The Tryon/Bank Storm Drainage Improvement Project reduced the flooding of streets and structures by improving the existing storm water conveyance system from South Tryon Street to the system outlet on the west side of Bank Street. The system was designed and built to accommodate increased storm water runoff due to construction of the CATS bus and rail maintenance facilities in the area between South Tryon Street and South Boulevard, south of Foster Ave., as well as increased runoff due to anticipated development in the vicinity of the proposed New Bern (Light Rail) Station. Construction on this project was completed in December 2004.
- Reduce flooding of South Tryon Street and nearby structures by upgrading the underground storm water conveyance system.
- Accommodate increase in storm water runoff due to construction of the CATS bus and rail maintenance facilities and other development that is expected to take place in the vicinity of the proposed New Bern Station following construction of the light rail system.
Note that this figure includes all costs associated with the project such as planning and design, utility relocation, consultant fees, construction, permitting and landscaping.
The Charlotte Storm Water Services (CSWS) project team managed the Tryon/Bank Project. Efforts were made throughout the course of the project to keep affected businesses and residents informed, and to solicit information from the businesses and residents that was helpful to the design process.
Planning Phase (Completed August 2003)
City staff worked with USInfrastructure, Inc. (USI) to plan improvements in the Tryon/Bank project area. Problem areas were identified through a review of citizen calls to 704-336-RAIN and responses to a neighborhood questionnaire. Potential flooding in additional areas was identified through analyses by USI of the drainage system. USI developed alternative solutions to address the problem areas and alleviate flooding.
Design Phase (Completed February 2004)
Detailed construction drawings were prepared for the project as well as easement exhibits for each property owner directly affected by the construction. Numerous details were finalized, including pipe sizes and alignments, inlet sizes and locations, utility relocations, landscape changes, and easement requirements.
Permitting Phase (Concurrent with Design Phase)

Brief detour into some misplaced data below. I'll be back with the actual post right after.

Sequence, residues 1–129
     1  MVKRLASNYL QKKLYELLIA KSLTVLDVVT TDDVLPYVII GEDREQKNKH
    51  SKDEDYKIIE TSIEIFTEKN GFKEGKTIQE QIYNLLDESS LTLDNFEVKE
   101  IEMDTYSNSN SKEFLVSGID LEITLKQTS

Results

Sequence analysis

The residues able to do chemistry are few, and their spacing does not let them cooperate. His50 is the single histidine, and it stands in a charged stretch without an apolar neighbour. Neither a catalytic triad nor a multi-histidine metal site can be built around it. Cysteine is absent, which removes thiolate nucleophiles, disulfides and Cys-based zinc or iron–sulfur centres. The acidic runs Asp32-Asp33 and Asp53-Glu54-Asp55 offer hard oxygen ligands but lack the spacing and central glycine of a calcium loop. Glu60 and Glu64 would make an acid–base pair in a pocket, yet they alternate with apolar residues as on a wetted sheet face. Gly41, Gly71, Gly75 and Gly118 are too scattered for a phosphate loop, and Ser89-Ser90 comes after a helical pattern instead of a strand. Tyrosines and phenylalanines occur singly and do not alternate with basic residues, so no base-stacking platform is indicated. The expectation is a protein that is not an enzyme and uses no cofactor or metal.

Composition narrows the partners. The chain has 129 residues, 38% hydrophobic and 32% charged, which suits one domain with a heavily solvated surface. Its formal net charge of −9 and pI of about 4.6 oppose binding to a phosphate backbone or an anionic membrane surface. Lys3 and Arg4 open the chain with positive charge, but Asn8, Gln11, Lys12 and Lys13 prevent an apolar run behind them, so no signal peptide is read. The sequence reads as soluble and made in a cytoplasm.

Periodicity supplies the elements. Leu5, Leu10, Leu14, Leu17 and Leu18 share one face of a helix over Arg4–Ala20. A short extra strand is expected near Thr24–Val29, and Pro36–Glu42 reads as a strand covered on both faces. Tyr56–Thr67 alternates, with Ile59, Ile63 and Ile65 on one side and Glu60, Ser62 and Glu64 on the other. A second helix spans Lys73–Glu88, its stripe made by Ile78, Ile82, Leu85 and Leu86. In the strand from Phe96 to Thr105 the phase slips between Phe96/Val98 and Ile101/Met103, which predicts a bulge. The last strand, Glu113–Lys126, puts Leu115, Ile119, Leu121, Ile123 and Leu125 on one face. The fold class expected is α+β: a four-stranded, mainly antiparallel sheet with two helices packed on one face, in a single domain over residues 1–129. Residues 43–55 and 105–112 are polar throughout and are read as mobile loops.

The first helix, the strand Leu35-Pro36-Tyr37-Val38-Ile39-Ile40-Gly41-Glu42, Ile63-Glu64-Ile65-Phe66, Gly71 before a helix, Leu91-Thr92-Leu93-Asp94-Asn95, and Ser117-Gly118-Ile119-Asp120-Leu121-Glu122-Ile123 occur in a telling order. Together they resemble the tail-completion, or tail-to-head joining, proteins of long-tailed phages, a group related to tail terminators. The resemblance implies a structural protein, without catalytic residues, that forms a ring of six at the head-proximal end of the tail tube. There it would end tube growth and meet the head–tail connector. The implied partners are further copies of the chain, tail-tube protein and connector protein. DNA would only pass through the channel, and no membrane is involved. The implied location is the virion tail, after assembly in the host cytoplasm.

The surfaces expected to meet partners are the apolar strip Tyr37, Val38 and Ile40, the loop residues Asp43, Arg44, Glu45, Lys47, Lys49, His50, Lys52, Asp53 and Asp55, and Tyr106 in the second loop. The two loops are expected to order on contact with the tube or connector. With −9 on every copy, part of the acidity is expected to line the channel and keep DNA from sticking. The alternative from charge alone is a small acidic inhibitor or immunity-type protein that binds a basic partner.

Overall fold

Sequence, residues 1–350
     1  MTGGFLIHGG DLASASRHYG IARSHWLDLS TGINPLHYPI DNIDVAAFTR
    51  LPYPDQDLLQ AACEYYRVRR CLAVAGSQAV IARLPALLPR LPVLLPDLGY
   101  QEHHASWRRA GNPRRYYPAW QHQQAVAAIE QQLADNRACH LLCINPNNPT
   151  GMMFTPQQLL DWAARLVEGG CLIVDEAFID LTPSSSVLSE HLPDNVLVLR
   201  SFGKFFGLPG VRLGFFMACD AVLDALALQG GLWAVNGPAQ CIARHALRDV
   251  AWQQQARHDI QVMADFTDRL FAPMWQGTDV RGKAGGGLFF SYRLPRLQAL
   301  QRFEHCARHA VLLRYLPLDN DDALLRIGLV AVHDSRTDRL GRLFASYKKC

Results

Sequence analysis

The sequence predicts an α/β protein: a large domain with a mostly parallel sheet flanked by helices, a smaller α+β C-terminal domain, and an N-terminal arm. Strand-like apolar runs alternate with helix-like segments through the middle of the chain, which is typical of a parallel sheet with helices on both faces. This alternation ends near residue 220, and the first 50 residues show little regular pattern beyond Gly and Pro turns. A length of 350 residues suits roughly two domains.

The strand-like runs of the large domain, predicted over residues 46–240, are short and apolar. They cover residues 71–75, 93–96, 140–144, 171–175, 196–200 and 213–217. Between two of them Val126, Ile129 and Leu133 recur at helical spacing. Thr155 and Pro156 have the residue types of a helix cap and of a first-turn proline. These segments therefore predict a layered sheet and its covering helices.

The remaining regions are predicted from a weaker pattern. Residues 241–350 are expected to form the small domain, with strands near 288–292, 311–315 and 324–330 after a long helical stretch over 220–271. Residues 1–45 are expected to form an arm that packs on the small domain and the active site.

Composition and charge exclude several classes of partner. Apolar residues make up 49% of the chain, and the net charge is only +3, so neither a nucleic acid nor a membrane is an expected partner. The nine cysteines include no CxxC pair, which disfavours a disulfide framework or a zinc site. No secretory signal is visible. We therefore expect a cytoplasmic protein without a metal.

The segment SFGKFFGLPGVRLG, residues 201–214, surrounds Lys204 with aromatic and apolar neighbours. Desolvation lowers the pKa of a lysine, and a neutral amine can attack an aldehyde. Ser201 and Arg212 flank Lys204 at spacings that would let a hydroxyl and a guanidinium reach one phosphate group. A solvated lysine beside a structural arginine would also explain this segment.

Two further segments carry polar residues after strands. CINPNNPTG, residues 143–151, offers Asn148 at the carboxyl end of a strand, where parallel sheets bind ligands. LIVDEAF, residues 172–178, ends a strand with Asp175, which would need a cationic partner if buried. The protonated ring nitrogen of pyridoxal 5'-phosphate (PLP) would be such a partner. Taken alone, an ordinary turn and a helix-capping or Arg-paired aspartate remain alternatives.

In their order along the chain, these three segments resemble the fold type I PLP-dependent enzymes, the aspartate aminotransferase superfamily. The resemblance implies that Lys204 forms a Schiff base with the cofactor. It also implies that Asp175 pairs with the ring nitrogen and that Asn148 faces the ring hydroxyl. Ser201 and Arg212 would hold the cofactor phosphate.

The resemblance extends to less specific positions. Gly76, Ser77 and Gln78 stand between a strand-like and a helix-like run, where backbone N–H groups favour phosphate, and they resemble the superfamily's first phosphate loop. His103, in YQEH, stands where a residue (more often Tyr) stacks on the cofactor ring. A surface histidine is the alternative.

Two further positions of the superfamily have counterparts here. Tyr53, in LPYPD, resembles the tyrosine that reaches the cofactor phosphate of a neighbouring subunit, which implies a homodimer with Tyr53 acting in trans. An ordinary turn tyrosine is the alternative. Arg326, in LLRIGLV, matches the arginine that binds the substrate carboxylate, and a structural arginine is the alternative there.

During the permitting phase, water quality permits and certifications were obtained from Federal and State agencies. Permit applications were submitted to the North Carolina Department of Environment and Natural Resources and the US Army Corps of Engineers. An erosion and sediment control plan was submitted to the North Carolina Department of Environment and Natural Resources, Division of Land Resources. A right-of-way encroachment application was submitted to the North Carolina Department of Transportation.
Property Easement Acquisition Phase (Completed June 2004)
The City's real estate staff worked directly with affected citizens to acquire temporary and permanent easements for the project. Affected property owners were asked to grant easements to allow the City to access their properties for construction of the improvements and to conduct future maintenance of the drainage system.
Bid Phase (Completed March 2004)
During the bid phase, construction plans were provided to qualified contractors for the preparation of construction bids. The City follows North Carolina regulations governing the bidding process; the lowest responsible bidder was selected to construct the project.
Construction (Completed December 2004)
Construction began in April 2004 and was completed in December 2004. Replacement of the culvert at Tryon Street, originally intended to be part of this project, was eliminated from the project due to permitting issues, and the need to have the remaining system improvements completed in time for occupation of the CATS Bus Maintenance Facility. Because South Tryon Street is a state-maintained roadway, the state is responsible for any improvements to the South Tryon Street culvert. Project objectives were met by construction of the system improvements.
William Harris, E.I.
City Project Manager
Matthew Gustis, P.E.
City Engineering Team Program Manager